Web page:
Winter storm warning set to begin as snow arrives Wednesday night

A winter storm warning was set to take effect at 8 p.m. Wednesday with 7 inches to a foot of snow across the region, according to the National Weather Service.

Snow is forecast to start around 9 p.m. and fall heavily, at rates of an inch or two per hour overnight, according to National Weather Service forecasters. About 3-6 inches could accumulate by daybreak Thursday. Sleet and rain are forecast to mix in with the snow during the day Thursday, with gusty winds of 20-35 mph.

Forecasters have since late Tuesday maintained calls for 6-8 inches across Baltimore and southern Baltimore and Harford counties, with 8-10 inches in areas at higher elevations on the Piedmont, including northern Baltimore, Howard and Harford counties. Carroll County could see as much as a foot of snow.

The snowstorm is predicted to be the largest for this winter season, and Gov. Martin O'Malley called for a state of emergency in advance. Trees, already weakened from last week's ice storm, could buckle and residents were told to prepare for possible power outages.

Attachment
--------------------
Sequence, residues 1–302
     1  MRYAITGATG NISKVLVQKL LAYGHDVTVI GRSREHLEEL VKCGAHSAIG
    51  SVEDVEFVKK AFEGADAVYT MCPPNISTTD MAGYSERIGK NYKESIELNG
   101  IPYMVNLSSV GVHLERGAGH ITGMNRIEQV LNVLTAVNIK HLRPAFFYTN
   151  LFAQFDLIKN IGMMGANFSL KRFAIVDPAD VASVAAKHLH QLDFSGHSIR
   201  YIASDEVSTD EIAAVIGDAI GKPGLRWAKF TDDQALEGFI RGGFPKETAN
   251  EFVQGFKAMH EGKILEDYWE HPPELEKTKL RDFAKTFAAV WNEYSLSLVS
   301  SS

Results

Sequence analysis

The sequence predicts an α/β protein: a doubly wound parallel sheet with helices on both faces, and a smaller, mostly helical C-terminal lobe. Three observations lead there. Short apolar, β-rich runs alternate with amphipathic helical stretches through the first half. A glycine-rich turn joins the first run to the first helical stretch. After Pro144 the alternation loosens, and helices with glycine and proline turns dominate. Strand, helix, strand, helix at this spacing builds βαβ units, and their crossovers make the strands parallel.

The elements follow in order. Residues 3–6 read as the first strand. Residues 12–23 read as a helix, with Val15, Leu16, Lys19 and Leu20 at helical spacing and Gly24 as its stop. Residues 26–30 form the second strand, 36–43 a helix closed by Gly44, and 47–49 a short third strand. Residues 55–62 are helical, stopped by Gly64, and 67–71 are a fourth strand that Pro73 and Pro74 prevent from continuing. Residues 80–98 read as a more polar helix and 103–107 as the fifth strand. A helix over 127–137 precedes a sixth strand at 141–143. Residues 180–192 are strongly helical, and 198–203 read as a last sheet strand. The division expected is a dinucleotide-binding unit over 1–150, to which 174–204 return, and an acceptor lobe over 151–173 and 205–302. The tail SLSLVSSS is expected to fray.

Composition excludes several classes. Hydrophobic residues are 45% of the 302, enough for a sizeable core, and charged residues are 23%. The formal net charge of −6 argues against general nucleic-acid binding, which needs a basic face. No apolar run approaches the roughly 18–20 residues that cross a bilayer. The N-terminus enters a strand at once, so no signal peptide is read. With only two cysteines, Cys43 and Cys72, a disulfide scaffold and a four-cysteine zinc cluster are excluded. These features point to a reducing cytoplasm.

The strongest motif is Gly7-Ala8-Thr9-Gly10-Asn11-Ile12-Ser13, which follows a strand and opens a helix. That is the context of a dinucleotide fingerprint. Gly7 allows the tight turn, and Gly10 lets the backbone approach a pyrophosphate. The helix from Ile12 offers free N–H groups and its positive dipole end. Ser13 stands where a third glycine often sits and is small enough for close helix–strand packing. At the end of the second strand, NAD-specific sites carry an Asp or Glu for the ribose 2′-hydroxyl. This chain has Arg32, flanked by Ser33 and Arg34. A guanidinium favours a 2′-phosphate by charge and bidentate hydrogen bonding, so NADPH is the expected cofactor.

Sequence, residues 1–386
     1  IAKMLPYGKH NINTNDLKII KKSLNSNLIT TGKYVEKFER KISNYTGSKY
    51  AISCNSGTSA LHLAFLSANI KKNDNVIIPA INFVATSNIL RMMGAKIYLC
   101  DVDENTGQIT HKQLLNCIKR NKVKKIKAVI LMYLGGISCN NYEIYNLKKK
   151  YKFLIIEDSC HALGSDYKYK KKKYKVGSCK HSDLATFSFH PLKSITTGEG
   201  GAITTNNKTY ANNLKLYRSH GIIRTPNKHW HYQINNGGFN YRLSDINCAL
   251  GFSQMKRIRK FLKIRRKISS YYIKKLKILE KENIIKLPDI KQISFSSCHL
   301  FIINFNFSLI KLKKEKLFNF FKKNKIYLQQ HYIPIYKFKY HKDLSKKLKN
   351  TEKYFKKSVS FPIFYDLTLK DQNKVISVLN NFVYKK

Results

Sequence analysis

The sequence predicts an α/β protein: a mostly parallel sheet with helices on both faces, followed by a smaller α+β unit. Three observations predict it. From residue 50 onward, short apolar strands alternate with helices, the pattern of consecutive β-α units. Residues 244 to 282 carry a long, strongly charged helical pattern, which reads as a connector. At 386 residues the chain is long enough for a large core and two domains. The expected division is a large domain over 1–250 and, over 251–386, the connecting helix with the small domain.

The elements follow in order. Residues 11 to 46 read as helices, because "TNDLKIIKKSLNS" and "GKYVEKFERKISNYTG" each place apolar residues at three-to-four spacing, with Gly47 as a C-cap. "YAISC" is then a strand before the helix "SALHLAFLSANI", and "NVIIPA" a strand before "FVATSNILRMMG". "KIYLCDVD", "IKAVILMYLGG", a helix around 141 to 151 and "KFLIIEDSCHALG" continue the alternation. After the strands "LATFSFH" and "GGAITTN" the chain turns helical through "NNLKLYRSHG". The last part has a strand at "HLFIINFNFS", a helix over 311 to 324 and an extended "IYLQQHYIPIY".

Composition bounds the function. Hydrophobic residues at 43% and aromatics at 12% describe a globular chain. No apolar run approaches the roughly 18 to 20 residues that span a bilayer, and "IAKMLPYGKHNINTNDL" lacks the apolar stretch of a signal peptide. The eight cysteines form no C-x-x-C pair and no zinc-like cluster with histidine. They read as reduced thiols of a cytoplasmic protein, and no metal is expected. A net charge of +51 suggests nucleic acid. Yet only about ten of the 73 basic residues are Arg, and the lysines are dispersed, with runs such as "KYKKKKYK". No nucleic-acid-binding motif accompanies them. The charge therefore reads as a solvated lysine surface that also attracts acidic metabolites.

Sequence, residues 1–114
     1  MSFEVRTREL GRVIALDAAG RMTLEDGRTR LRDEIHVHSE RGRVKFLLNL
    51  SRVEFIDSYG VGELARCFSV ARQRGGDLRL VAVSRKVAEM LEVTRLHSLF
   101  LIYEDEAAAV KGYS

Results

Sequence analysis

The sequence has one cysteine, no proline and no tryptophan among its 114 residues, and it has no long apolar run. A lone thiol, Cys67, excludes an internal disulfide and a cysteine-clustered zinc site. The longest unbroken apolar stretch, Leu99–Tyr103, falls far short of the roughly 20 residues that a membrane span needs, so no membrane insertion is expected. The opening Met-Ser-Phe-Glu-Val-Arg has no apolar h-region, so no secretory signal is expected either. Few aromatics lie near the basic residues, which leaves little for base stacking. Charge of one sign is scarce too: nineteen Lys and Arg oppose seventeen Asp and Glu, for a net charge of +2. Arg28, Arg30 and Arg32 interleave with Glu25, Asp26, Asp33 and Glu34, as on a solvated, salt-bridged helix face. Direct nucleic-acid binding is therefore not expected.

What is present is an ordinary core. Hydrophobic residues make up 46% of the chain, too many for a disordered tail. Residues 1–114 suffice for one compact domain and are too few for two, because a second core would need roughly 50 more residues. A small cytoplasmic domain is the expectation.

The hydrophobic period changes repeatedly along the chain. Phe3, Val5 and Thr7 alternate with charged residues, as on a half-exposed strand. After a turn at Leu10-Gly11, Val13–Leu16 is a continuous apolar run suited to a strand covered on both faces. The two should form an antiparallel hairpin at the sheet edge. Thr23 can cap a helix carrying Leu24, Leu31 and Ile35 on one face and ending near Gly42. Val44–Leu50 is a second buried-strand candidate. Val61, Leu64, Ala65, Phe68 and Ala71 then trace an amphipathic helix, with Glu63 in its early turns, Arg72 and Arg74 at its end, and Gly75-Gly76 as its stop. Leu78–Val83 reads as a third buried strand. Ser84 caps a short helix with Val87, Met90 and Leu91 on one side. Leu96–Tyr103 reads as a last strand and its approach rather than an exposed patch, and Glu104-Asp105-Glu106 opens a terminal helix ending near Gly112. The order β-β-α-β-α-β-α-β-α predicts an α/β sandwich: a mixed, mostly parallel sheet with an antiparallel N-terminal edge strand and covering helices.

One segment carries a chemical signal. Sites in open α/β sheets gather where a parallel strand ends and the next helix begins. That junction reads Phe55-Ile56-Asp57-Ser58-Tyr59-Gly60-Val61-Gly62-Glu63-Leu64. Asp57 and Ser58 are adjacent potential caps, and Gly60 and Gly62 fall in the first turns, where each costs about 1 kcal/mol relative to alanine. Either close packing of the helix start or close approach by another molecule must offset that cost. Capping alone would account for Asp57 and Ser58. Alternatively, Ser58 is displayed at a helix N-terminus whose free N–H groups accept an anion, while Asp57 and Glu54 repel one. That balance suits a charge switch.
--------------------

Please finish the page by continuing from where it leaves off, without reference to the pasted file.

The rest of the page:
“It’s been a long winter for many Maryland families," O'Malley said in a statement.

Residents were advised to avoid driving and to carry a disaster supply kit if they do drive.

Temperatures Thursday are forecast between the mid-20s and mid-30s, with a north wind making it feel like the teens.

Snow is expected to resume by nightfall, and possibly until about 9 p.m.

Friday, temperatures could reach about 40 degrees before another cold weekend with highs in the mid-30s and lows in the teens.

Officials at Baltimore Washington International Thurgood Marshall Airport said some flights to and from southern cities were already being affected by the storm Wednesday morning. Some airlines have also relaxed their ticketing policies in advance of the storm, BWI officials said.

Nearly four dozen flights to and from BWI had been canceled as of 11 a.m., while about two dozen had been delayed, according to the airport website. Most of the canceled flights were to and from Southeastern cities like Atlanta, Charlotte and Raleigh, N.C.

More than 2,700 U.S. flights were canceled and hundreds more delayed early on Wednesday, according to flight-tracking website

A quarter to three-quarters of an inch of ice was expected in a broad section of Georgia, including metropolitan Atlanta. Some areas could see more than 1 inch.

The wintry mix has already caused two weather-related traffic deaths in Mississippi, and three in northern Texas, authorities said.

Reuters contributed to this report.

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